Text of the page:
Getting back on track, we grabbed a quick lunch at Arby's, a place I only know for its curly fries, from the age of 7, or so. Kristen dropped me off at her house, and returned to work for the afternoon. I puttered around, ate my curly fries, and roast beast. I quickly grew bored, sitting around, so I walked all around the neighbourhood. Not much going on. I knew I needed to be very careful, and vigilant of my surroundings, as there were no defining markers to be found. I made 2 loops within the general complex, and decided not to push my luck. I sat on the outside patio, stretching my travel weary muscles, until I heard the garage door open. Kristen had returned, and we created a plan for the evening. I was on kitchen duty, preparing road snacks, and baking treats. After prep. For the trip, the plan was to catch 'Were the Millers' at a local cinema. I haven't laughed so hard in the movies,, since 'the hangover'. So funny!
The next morning we set off for the drive to Telluride. Picking up, another friend Kristen's, nearby. George is a connection of Kristen's, through the paraolympic training facility, for cyclists. He's blind, which meant I had to be extra contientous in my speaking abilities. It's hard enough for sighted people who try to read my lips, to better understand my speech patterns.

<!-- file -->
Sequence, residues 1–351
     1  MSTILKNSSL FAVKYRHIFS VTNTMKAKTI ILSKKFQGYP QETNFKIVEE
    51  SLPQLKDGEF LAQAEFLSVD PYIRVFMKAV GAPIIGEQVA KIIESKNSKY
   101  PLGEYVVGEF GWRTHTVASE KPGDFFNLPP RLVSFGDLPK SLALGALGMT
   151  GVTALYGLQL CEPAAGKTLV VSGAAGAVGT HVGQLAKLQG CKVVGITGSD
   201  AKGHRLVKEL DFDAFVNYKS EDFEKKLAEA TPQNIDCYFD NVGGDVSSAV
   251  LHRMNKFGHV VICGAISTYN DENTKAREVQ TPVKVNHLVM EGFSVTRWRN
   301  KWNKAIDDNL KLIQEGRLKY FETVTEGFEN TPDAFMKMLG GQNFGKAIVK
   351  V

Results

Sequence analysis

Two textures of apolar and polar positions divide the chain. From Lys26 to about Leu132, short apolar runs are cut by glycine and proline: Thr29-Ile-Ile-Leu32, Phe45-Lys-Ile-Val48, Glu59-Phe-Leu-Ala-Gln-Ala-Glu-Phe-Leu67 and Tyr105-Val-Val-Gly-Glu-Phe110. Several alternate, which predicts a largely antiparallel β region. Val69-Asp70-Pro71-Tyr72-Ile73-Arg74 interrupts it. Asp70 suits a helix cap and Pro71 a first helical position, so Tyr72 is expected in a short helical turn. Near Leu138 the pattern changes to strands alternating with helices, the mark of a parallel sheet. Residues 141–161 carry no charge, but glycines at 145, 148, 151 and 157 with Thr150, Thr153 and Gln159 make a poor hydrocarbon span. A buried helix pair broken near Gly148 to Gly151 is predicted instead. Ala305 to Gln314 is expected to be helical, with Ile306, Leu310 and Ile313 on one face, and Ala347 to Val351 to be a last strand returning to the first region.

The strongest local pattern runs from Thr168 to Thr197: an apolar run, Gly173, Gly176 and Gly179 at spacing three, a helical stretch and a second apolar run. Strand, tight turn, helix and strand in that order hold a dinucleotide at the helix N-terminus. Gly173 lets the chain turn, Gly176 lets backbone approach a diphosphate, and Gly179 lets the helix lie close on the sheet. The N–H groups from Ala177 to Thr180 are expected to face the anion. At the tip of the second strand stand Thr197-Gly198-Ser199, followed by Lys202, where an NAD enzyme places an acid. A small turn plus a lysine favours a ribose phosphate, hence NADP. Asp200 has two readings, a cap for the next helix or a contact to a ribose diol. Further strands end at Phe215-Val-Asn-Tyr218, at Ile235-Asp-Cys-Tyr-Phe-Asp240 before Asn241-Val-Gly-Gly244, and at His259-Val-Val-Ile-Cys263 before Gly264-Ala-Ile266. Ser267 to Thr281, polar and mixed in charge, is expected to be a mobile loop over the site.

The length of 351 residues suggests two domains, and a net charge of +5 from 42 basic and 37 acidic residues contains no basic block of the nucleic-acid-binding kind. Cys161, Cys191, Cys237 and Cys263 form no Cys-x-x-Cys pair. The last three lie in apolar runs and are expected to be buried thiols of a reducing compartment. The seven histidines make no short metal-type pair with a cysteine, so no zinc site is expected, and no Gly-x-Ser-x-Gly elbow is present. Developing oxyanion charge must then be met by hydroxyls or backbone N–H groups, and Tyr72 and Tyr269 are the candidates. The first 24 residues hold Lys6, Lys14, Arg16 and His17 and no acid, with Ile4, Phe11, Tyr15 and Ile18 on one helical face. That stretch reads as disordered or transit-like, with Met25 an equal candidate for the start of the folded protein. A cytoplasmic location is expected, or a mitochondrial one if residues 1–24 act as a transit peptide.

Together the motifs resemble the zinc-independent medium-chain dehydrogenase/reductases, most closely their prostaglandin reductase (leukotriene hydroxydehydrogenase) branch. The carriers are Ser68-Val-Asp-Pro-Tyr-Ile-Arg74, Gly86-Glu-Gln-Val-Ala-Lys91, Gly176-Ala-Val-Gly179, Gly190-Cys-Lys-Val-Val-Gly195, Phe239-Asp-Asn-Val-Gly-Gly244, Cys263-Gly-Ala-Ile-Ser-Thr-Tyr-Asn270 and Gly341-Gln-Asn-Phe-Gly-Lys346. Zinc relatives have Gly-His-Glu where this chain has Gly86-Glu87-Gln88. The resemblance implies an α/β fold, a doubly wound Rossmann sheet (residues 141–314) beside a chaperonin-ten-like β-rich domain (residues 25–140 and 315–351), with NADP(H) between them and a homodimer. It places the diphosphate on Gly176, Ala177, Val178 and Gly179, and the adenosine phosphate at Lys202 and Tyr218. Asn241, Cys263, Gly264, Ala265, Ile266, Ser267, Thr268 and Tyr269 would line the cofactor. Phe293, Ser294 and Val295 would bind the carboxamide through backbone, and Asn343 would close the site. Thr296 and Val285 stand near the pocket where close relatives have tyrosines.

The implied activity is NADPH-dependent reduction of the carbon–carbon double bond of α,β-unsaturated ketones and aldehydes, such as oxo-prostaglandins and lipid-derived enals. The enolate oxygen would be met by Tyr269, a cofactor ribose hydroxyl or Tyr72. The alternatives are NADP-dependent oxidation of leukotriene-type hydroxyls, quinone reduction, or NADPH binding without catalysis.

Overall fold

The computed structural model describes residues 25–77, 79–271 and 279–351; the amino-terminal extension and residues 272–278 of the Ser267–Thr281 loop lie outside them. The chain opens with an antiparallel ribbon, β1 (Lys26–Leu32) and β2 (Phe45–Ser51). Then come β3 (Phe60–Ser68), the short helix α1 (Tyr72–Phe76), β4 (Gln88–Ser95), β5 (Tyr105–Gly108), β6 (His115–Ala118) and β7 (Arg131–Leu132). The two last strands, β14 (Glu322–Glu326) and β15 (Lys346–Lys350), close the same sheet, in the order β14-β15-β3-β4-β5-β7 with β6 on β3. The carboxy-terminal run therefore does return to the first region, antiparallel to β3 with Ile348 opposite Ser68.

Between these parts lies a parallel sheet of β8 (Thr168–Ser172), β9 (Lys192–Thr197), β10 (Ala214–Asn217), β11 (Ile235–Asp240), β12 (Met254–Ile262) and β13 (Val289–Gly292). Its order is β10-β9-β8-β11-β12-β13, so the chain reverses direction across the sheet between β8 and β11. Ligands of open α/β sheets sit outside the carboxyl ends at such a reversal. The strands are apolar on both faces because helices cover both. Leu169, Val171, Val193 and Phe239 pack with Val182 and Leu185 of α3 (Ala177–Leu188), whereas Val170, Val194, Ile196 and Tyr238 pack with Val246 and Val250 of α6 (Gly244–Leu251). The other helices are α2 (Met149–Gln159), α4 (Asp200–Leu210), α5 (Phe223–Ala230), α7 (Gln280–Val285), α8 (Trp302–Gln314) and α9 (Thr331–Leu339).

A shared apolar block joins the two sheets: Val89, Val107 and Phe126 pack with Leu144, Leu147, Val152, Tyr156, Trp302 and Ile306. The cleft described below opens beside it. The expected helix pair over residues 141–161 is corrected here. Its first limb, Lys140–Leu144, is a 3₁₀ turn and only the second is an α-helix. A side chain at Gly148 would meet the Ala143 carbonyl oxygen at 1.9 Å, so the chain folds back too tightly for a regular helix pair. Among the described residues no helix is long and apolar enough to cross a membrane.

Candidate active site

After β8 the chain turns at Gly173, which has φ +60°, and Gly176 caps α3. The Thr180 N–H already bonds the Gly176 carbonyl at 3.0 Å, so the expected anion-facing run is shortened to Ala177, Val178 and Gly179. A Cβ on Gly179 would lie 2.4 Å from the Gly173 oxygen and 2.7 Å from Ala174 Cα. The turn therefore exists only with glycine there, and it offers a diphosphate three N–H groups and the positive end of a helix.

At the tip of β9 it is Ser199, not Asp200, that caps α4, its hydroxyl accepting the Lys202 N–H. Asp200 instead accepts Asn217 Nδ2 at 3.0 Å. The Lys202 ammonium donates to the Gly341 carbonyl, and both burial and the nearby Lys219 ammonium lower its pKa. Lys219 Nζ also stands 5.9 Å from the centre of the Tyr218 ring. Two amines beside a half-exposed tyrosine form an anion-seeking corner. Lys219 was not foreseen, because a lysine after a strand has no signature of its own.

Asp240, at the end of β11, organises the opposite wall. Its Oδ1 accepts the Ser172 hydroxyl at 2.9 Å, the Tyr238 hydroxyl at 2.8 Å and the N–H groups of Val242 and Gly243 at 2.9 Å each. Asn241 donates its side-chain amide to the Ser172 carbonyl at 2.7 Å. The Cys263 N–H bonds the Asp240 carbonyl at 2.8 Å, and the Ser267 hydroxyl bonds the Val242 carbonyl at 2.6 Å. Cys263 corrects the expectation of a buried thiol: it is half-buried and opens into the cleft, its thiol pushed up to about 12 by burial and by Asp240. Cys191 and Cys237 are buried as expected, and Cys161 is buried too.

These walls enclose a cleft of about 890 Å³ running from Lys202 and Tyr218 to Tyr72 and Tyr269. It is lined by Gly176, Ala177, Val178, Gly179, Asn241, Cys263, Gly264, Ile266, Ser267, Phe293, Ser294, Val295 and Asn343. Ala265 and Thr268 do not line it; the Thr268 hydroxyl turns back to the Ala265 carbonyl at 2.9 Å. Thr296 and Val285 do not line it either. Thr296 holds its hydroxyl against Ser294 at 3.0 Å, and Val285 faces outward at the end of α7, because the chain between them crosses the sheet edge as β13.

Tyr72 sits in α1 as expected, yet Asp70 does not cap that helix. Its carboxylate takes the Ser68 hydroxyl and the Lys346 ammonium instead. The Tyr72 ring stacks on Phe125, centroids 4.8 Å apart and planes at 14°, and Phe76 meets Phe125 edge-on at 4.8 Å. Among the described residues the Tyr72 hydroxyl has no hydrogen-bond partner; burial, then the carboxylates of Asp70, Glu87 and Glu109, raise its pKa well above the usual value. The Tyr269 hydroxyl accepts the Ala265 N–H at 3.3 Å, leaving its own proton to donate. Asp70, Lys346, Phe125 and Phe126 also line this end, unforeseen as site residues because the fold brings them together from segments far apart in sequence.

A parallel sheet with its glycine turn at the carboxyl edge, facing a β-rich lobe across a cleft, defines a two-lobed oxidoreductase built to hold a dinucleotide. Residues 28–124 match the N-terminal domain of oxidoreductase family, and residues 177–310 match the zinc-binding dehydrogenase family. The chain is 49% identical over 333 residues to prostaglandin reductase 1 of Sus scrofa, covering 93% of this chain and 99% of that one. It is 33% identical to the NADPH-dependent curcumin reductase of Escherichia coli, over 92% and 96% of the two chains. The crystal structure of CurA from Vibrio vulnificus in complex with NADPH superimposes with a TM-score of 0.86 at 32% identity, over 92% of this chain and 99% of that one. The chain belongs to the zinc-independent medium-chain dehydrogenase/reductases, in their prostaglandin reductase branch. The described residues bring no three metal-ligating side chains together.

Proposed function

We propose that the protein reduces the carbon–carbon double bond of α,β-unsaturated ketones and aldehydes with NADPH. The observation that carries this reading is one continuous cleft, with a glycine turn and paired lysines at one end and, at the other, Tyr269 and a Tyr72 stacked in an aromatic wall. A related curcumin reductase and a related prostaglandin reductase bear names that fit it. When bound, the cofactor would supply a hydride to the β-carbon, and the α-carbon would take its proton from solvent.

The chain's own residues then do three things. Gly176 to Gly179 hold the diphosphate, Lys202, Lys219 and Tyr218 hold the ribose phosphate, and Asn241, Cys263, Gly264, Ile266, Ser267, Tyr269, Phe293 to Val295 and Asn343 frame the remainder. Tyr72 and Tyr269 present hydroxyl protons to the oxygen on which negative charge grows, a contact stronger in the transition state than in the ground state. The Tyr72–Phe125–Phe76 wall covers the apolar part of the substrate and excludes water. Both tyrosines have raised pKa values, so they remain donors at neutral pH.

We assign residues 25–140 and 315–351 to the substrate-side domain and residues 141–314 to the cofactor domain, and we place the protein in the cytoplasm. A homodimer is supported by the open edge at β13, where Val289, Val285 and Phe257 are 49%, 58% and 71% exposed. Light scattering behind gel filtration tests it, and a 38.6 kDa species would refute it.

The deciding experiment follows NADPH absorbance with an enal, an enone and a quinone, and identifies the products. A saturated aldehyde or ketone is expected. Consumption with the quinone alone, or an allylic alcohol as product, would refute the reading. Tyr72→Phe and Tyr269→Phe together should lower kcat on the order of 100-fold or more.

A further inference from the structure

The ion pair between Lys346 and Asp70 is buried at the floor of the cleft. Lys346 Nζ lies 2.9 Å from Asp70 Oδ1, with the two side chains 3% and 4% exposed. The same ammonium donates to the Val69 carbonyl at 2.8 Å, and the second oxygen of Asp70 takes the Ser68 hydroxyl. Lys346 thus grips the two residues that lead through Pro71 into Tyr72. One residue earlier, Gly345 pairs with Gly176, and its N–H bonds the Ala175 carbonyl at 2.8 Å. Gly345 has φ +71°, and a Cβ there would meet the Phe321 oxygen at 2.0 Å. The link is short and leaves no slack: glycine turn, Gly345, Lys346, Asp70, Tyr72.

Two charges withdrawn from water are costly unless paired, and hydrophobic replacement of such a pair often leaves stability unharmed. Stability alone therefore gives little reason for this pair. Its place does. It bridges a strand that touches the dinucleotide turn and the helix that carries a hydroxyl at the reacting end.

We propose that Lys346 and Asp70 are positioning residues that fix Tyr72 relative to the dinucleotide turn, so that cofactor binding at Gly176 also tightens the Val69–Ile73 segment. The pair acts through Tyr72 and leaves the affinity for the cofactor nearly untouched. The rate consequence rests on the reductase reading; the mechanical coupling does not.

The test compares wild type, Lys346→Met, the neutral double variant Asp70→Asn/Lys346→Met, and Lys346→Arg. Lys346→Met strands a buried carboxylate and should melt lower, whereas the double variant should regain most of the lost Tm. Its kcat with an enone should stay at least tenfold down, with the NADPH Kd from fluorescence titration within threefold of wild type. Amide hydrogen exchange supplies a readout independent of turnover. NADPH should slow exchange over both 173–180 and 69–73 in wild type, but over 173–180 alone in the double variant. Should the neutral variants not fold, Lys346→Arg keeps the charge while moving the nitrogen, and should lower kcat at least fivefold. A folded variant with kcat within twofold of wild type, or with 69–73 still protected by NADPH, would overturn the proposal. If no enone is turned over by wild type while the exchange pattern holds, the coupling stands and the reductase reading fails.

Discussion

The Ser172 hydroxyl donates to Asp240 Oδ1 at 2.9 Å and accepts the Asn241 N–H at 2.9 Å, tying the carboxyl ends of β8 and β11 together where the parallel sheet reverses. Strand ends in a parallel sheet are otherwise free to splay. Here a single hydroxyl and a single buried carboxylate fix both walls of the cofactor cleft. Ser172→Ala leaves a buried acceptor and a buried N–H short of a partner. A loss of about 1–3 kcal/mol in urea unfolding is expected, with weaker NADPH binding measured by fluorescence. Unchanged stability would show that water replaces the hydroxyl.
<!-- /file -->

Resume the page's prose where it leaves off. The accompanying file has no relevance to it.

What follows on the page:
It was a 6-8 hour drive to Telluride, where the summit was. I was quite travel weary, when we arrived, around 5. By the time we got there, I'd realized the quad cane I carry everywhere was missing. Big oops! I had the great fortune of seeing Ellen Weinmeyer, whose a great family friend, as well as wife to one of the original founding members of No Barriers, Erik Wienmeyer. Always kind, and thoughtful, she immediately noticed something was missing. She kindly offered to see what she could do to find me a stick to use for the duration of the summit. As we parted ways, I sincerely hoped we'd find each other again. I headed into 'innovation village', and immediately saw familiar faces, at the Push America tent. It was great running into Kyle first off. I figured I'd see him there, but I couldn't have had better luck running into him, as he volunteered to walk me over to registration. Losing my cane wasn't much of a problem, when theres a handsome man offering you an arm to get around. Yes, that was my plan all along... Kyle helped find the dinner area, after I got my registration materials, and then headed back to his tent. I found more exceeding helpful people, wanting to fix my dinner plate, and help me to a table. As I looked for a place to sit, I heard a familiar voice call my name. I looked to see who it was, and recognized Bob, a man who volunteered to asisst me while doing the summit hike 2 years ago. It was great to reconnect with him, as I'd hoped to see him again. If my memory serves me, Bob is a retired physical education teacher from California. He's very sprye, and chipper, and was wonderful to sit, and catch up for some time.